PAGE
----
War of allocators: hoard or hoards?

I found Emery Berger's allocator called hoard. Hoard's homepage holds out some promising general qualities (fast, scalable, and memory-efficient) about the allocator, do we need more than this? I tried out how it performs in WebKit.
I did the benchmark measurements on my benchmarking machine (called Suttyo :-]), this is an x86 Debian-Lenny (SMP kernel, dual core 2.33GHz CPU), I used the Linux-Qt port of WebKit with the official r55720 revision. The memory results are provided by our modified Linux kernel and they represent maximum resident set size (RSS).




Methanol is still our live browsing simulation benchmark which loads and renders popular web pages one by one (currently, 9 pages, 5 times) locally. The time measurement has been done with Methanol's JavaScript.
Unfortunately, hoard is almost as slow as JEmalloc in this test, compared to TCmalloc it is 5.3% slower. On the memory consumption side, it consumes 4.6% more memory than TCmalloc (up until now TCmalloc has consumed the most memory).
After benchmarking with Methanol I'd say we shouldn't spend more time on hoard, but still let's see the results of our other benchmarks.


SunSpider in QtLauncher


This test runs SunSpider inside QtLauncher, it does a minimal rendering but it lays emphasis on the JavaScript execution. From the view of performance hoard is slower than TCmalloc by 11.4%, and it consumes 3.7% more memory. It is slower and consumes more memory... Sounds bad...


V8 in QtLauncher


The V8 benchmark shows the same results that we have seen above in the case of SunSpider. It is slower than TCmalloc by 4.9% and consumes more memory than TCmalloc by 7.9%. Anyway, V8 benchmark consumes ~151 megabytes, this number will be interesting later.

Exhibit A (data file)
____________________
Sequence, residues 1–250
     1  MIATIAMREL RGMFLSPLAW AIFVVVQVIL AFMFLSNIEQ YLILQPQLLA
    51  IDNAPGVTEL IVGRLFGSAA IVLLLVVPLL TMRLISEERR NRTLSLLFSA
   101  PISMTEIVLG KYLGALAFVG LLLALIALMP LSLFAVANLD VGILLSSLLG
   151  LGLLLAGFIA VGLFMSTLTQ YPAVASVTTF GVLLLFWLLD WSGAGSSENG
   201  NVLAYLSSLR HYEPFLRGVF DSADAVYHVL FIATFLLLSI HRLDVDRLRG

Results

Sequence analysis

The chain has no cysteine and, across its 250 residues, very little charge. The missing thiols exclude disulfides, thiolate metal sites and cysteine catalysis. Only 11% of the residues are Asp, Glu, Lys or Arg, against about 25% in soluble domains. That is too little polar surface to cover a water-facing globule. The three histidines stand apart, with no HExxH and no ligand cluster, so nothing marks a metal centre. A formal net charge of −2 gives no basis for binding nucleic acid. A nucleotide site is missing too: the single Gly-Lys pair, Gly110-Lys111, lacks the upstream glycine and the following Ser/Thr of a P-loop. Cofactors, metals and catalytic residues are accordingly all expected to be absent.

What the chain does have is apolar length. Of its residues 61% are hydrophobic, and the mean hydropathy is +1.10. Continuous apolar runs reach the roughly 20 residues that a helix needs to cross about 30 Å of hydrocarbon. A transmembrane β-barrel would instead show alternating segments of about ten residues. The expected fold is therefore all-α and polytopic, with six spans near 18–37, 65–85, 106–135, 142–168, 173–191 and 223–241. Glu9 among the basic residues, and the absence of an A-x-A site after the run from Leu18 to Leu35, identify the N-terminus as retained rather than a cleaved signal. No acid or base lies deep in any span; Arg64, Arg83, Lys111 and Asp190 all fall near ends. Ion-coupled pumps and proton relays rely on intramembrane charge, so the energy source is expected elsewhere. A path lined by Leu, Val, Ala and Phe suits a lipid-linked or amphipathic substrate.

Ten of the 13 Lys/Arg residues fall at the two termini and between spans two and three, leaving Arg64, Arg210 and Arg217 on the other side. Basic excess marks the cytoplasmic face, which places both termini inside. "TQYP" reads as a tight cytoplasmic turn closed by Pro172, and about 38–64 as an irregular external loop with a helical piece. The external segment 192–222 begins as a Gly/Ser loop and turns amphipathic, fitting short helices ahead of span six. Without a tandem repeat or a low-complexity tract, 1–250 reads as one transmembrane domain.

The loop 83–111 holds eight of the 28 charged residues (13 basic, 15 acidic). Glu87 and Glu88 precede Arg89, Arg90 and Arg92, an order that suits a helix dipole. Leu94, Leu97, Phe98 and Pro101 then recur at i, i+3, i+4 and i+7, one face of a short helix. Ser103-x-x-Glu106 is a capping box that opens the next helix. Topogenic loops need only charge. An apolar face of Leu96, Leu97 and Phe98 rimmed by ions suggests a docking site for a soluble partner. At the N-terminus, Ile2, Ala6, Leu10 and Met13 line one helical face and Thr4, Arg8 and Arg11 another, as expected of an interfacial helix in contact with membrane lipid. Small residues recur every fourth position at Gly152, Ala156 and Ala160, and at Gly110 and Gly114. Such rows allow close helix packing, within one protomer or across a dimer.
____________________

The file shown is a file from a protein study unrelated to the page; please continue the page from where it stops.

WindScorpion in QtLauncher


WindScorpion is our collection of real life JavaScripts and it works like SunSpider and V8 benchmarks.
As the chart shows, hoard is slower than TCmalloc by 11% and it consumes more memory by 20.7% which means almost +10MB memory usage in the case of WindScorpion.

These were single threaded benchmarks... But as hoard's web site wrote "it can dramatically improve application performance, especially for multi-threaded programs running on multiprocessors"...


Workers - the multi-threaded benchmarks


With the help of JavaScript workers, we can run JavaScript applications simultaneously. Let's see, how does our new multi-threaded allocator perform with workers.


Two SunSpider workers in QtLauncher


The columns represent the slower worker's result. In the case of performance, TCmalloc is 39% faster than hoard. On the memory consumption side, hoard consumes 2.9% more memory.


Two V8 workers in QtLauncher


As the chart shows, hoard is 44% slower than TCmalloc and it consumes 28% more memory. In the case of V8, TCmalloc consumes ~150 megabytes, with 2 V8 workers it consumes 334 megabytes.




I've expected that hoard will perform better, but as you can see, still TCmalloc shows the best values.

Thomas Fletcher (not verified) - 03/18/2010 - 15:21

These results don't surprise me at all. The hoard allocator has a lot of noise around it, but my experience on embedded and multi-core systems has demonstrated that you need to have a really big churning code base for the allocator to start to hit it's prime. On the whole, WebKit is a pretty frugal and well behaved application and doesn't do wild amounts of cross thread allocation and de-allocations etc.

One allocator that you might be interested in trying out, now that you've been dissapointed with Hoard, is TLSF (http://rtportal.upv.es/rtmalloc/ or http://tlsf.baisoku.org/.

It generally performs about the same as the dlmalloc in my experience, but it's big win is its deterministic behaviour which may be a win for WebKit.


zoltan.horvath - 03/18/2010 - 23:56

Thanks for your responding!
Sounds good, I'll check this allocator implementations, thanks for the tip!
I might do benchmarking on ARM... I'm curious, are the results valid for ARM?

Post new comment

The content of this field is kept private and will not be shown publicly.
  • Web page addresses and e-mail addresses turn into links automatically.
  • No HTML tags allowed
  • Lines and paragraphs break automatically.

More information about formatting options

This question is for testing whether you are a human visitor and to prevent automated spam submissions.
Fill in the blank